Prospecting in the Pilbara
It would be hard to argue any prospector believes in luck more than Daniele Specogna.
Four years ago, aged 62, Mr Specogna said goodbye to the earth as he lay in a creek bed waiting for death.
The Marble Bar man had been out prospecting for gold when he ran out of water.
Too far from home or his car, Mr Specogna decided his only option was to send a signal and to wait for help.
He set fire to the land and burrowed down in the creek bed.
He lay in that spot for two days and one long night, saying his goodbyes to the world, to his two daughters, and to his home country, Italy.
It’s an uncomfortable memory for Mr Specogna.
“It’s a strange experience,” he said.
“It was surreal, I was prepared to go.”
Mr Specogna is one of many Marble Bar residents who regularly go deep into the Pilbara outback, digging into the rich red dirt with a pick-axe in the hope of finding gold.
Some come across small nuggets no bigger than a couple of grams.
Others make a life-changing find; a specimen as big as your hand could be worth more than $50,000. The finds, and their location, are among the most closely guarded secrets in the small town.
For Lang Coppin, prospecting is no small operation.
He’s not just out there looking for nuggets — he has his eyes set on much larger prizes, and he’s willing to do whatever it takes to find them.
It’s with the help of his R44 helicopter Mr Coppin and his associates strike gold.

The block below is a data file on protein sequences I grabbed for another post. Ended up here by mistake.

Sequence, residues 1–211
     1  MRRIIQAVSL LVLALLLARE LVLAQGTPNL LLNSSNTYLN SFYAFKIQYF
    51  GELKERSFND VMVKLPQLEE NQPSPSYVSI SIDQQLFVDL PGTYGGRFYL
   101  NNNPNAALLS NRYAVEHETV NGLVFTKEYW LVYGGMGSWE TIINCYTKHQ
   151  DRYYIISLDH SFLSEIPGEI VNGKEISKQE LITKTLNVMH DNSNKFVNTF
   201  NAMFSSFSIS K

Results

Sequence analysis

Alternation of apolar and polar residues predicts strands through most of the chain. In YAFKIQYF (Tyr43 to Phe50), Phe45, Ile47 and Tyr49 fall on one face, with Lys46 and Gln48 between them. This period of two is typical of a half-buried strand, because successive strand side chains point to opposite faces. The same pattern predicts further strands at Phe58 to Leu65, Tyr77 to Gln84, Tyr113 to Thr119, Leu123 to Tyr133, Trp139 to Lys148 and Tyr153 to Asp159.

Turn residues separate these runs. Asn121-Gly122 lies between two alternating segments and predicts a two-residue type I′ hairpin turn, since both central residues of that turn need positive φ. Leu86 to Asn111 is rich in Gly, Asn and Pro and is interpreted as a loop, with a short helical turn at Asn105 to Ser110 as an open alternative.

“This town is sitting on a bloody goldmine,” he said.
Mr Coppin said at one point earlier this year, he believed there were about 200 people out prospecting within a 100km radius of Marble Bar.
A total of 342 prospecting licences have been issued in the Marble Bar area in the past five years and, according to the Department of Mines and Petroleum, overall the number of prospecting licences applied for in the Pilbara has remained fairly constant, apart from a slight increase in 2014-15.
“You fly around and there’s people camping everywhere,” Mr Coppin said.
Mr Coppin is also dipping his toes into the lithium market.
Together with a private prospectors’ syndicate, Mr Coppin recently signed an option agreement with Blaze International to start the first phase of drilling on a deposit near town.
It’s a market few are yet to enter as the world watchesto see how serious the commodity could become.
The deposit, Mr Coppin says, is the first outside of Pilbara Minerals’ Pilgangoora Lithium-Tantalum Project to be drilled and explored.
“Marble Bar is rich in minerals,” he said.
Base metals including copper, lead, and zinc surround Marble Bar, with the oldest copper-lead-zinc deposits in the world found at Lennon’s Find about 60km south-east of the town.
Barite was also mined some 50km west of Marble Bar, but operations ceased about 20 years ago.
For Mr Specogna, the search for gold is not about the money, but more about the small gifts the earth gives him.
“I’m not a greedy person, I don’t work for money anymore,” the prospector and hobby jeweller said.
“I worked for money enough in life . . . I don’t sell my time any more. I’m lucky, you see . . . and that’s it, more or less.”
And anyone who hears the story of how he was found, so dehydrated, that fateful day in 2012, would believe him.
“I was prepared to go in a way,” he said. “But there was no tension, alarm or desperation . . . not at all.”
When asked whether he believed someone was watching over him, Mr Specogna recalls that there was.
“I saw in the morning somebody watching me, it was an eagle, and quite close,” he said.
“I could see her head circling around looking down at me.”
He joked that he promptly gifted the bird to his friend in the sky.
The land on the outskirts of Marble Bar is full of gold deposits.
Lang Coppin likes to get a bird's eye view when searching for gold.